Eat within 30 minutes after the workout. It goes without saying that supplying your body with sufficient nutrients is an essential part of healing. Eat protein and carbohydrates – ideally 20 to 40 grams of each, half an hour after your workout that’s lasted over an hour. Protein contains amino acids necessary for rebuilding muscles, and carbs fill up your fuel stores.  Don’t forget your fruits and veggies too! They carry vitamins and minerals such as vitamin C and zinc that also help with recovery. 
Alternate between intense and light workout. Ever feel like skipping your next training session because you’re too sore? Don’t give in to the temptation. In the whole scheme of healing and recovery, light movements will be way better than spending the whole day on the couch. Remember, a big portion of recovery is allowing blood circulation in your body to deliver oxygen and nutrients needed for repair. But to strike a balance between this and not causing more damage to your muscle tissues, you can follow up your intense workout with some light, restorative ones.
Apply heat or ice packs. If you’re so intent on getting relief from soreness fast, then you could always apply a heat or ice pack on the tender part of your body. Not sure whether to apply heat or cold? The answer is very easy – whichever works for you best! But experts say that ice packs help reduce swelling, while heat can bring tension and pain down.
Rest and sleep. Get ample sleep and rest well. You deserve it!
Try Tart Cherry. This is a Eureka moment for many. Tart Cherry reduces muscle soreness, according to several studies. In fact, Healthline outlined the many ways Tart Cherry increases strength and reduces muscle soreness: “Tart cherry juice intake in the days leading up to and immediately following intense physical exercise may reduce muscle strength loss and soreness. It may also speed up recovery.”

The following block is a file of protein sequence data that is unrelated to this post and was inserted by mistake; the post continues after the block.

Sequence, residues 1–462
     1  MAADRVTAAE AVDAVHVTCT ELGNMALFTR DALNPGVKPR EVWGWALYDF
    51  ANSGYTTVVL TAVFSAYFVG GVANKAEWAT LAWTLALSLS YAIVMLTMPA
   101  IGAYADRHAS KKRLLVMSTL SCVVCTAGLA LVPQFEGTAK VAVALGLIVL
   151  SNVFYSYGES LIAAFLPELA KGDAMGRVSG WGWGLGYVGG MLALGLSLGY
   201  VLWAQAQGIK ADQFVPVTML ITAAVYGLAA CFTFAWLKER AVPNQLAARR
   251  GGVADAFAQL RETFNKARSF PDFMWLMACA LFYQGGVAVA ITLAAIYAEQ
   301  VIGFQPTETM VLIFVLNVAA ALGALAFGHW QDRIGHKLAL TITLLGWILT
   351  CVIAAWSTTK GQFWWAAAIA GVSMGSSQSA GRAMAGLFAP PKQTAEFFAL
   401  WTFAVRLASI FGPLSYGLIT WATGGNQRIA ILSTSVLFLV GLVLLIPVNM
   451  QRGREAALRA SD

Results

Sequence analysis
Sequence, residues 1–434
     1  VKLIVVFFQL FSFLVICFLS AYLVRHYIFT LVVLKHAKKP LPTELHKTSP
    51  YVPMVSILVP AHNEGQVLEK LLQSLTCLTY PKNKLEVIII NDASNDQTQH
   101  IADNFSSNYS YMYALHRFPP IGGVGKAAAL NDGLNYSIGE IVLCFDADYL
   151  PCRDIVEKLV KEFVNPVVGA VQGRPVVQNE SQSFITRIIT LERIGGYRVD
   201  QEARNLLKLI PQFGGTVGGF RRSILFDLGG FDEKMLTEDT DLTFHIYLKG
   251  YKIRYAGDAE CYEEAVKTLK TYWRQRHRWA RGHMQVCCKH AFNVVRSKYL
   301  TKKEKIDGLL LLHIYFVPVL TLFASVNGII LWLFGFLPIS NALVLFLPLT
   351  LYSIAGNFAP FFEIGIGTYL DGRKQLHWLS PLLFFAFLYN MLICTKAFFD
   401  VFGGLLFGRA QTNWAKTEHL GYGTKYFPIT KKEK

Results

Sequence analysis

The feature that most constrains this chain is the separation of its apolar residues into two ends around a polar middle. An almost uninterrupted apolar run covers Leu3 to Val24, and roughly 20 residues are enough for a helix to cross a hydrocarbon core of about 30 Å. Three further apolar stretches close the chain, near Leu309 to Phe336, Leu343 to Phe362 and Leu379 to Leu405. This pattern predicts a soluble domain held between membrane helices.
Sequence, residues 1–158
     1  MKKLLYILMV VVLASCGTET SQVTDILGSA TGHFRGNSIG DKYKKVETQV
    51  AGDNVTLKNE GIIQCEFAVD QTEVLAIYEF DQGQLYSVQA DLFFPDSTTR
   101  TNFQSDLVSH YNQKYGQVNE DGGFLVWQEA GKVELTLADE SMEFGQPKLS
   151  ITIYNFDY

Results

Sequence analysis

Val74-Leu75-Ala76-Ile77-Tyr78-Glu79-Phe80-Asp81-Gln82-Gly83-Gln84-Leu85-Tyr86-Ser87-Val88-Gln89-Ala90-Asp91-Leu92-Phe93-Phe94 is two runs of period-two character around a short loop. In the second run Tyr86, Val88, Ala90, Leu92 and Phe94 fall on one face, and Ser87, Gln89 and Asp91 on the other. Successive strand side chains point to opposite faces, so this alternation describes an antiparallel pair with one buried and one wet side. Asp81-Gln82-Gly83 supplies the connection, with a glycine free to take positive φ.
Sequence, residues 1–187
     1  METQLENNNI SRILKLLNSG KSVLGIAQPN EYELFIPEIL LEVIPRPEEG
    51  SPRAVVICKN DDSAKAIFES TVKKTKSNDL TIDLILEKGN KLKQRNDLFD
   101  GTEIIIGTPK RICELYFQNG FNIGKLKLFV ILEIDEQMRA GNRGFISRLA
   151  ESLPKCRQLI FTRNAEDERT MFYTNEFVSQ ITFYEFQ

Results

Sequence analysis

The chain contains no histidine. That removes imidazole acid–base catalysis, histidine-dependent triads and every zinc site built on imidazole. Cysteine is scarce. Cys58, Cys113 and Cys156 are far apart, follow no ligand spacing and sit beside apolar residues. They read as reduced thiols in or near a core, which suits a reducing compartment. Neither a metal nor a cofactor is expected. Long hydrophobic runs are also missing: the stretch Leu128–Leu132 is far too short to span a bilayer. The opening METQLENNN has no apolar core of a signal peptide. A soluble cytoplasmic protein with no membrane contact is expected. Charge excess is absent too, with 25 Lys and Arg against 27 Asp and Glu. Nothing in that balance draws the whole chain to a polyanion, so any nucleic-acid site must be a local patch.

by Tina Sendin January 05, 2021
If you’re constantly feeling exhausted lately, know that there are many different possible reasons why. Maybe it’s the whole work-from-home arrangement and coping with the pandemic thing. Perhaps there’s too much on your plate. Or it could be the stress of the holiday season and how to celebrate it differently this year.
Or maybe it’s 2020, ‘nuff said.
But if you find yourself just feeling tired – physically and mentally – most of the day, then maybe it’s time to have a closer look and see if any of the below reasons apply to you.
by Tina Sendin December 29, 2020
Stress can affect us in more ways than one. Thus it is important to know how to manage stress well and keep a healthy lifestyle that will keep it at bay. There is no one-size-fits all approach to stress management – what works for one may not work for another. So it’s good to mix up your stress management strategies, varying them based on your need at the time. Here are 7 strategies to manage stress.
by Tina Sendin December 01, 2020
It’s wintertime. You’re stuck at home. Not (only) because you hate being in snow, you also hate the prospect of bringing COVID-19 into your home. So you’re doing the right thing and trying to stay at home as much as you can. But you want to keep staying active, albeit being indoors. How can this be possible? Here are some ways you can stay on top of your workout regimen, safe and warm in your home.